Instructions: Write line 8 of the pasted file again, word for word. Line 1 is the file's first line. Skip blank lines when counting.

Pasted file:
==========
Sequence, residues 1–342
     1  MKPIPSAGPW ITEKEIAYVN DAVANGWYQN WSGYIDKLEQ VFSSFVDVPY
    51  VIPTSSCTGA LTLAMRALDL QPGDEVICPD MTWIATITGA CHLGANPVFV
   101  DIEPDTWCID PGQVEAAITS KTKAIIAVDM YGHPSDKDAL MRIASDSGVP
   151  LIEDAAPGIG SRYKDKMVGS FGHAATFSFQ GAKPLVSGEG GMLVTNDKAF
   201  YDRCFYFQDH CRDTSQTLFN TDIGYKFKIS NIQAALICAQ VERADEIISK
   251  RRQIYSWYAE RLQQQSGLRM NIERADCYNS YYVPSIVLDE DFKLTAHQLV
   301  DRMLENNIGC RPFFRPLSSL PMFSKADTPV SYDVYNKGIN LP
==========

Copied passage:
   301  DRMLENNIGC RPFFRPLSSL PMFSKADTPV SYDVYNKGIN LP